Make Maximum Use of Your Education’

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The first commencement speaker for the 96th commencement convocation of the University of Liberia (UL), Dr. Kimmie L. Weeks, said that obtaining higher education in Liberia is no longer determined by a group of people as it was done in the past when the privileged few were given the right to enter tertiary institutions.

He indicated that the paradigm is now shifting and as such, those who now have opportunities that were denied others decades ago must make maximum use of them in order to improve their lives, and become blessings to their country and the world.

“Gone are the days when certain people used to determine who goes where and who does what. Now everyone has the freedom to determine what they want to become depending on their aspiration,” Dr. Weeks said.

Dr. Weeks’ comments were in reference to the discriminatory treatments that were meted against Liberia’s majority, classified as indigenous, by the Americo-Liberian settler group from the US A and Caribbean nations who held power and controlled every sector (social, political, economic and educational sectors) of the Liberian society.

Speaking at the first of six convocations, Dr. Weeks said Liberia is now a more diverse and more integrated society, presenting better opportunities for everyone to fulfill their dreams.

He indicated that a person’s family background and wealth, tribe, or religion should not determine what the individual wants, but rather the legacy should be determined by how one influences their environment and impacts the lives of others.

“This class of 2015 could be the greatest class to walk out of the walls of UL. This is not by the lucrative jobs that you might get, or the highest you might go in your educational sojourn, but by the level of impact you have on your society and the number of people you influence positively,” he said.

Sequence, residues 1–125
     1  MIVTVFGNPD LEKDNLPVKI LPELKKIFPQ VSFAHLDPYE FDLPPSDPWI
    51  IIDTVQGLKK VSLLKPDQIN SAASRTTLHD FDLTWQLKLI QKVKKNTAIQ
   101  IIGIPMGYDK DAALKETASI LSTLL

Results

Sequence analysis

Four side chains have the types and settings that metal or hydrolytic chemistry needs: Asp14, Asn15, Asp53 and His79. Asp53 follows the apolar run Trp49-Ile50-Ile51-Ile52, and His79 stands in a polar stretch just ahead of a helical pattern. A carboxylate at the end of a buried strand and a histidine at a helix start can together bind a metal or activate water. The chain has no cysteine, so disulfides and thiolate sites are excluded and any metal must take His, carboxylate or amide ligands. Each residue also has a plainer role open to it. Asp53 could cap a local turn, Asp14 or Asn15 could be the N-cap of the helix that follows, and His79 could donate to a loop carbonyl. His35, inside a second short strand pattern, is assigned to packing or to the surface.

Dr. Weeks noted that the future that everyone speaks of is without form and it takes one to shape and prepare its form, as was with the world when God decided to begin his creation.

“All of our futures are without form. Nobody here knows what their future is like. So it is in our power to shape our destiny. That is why it is often said that we were created in the image of God. He created the world out of nothing. So we have to make our blank future into something,” he said.

The graduates represented many fields and disciplines, and Dr. Weeks, who is also the Board Chairman of Liberia Water and Sewer Corporation (LWSC), noted that they have the potential to make Liberia and the world better.

“The potentials you have to make the world and Liberia better places to live are immense. Each of you has in your hands the power to change Liberia,” he told the ecstatic graduates.

He said the essence of blessings, which he described education to be, is impacting the lives of many people.

He said the country’s deplorable conditions and the impoverished state of many of its citizenry cannot be changed by any government or amount of resources that the country has, but rather the contribution that everyone is willing to make to the development of the state.

“The key to changing Liberia’s deplorable conditions is not this government nor the next one, but the collective contributions of individuals like you and me,” he said, “there are not too many Liberians who are willing to sacrifice or die for their country, but if we want to reach where everyone wants us to reach as a nation it takes a holistic and national approach. Together we can transform this nation,” Dr. Weeks told the graduates.

In her speech, the valedictorian of the class, Jugbeh Kpeh, said tertiary education is a critical component of human development, especially in Liberia, where the need is most because of the toll the fifteen year civil crisis had on the country.

Mrs. Kpeh, who spoke on the topic, “Importance of Tertiary Education in Post-War Liberia,” said the training of more young Liberians in formal education would help increase the level of manpower development in the country, “which would help close the current gap.”

The first convocation exercise comprises 401 graduates from the Liberia College, which includes the studies of the Social Sciences and Humanities.

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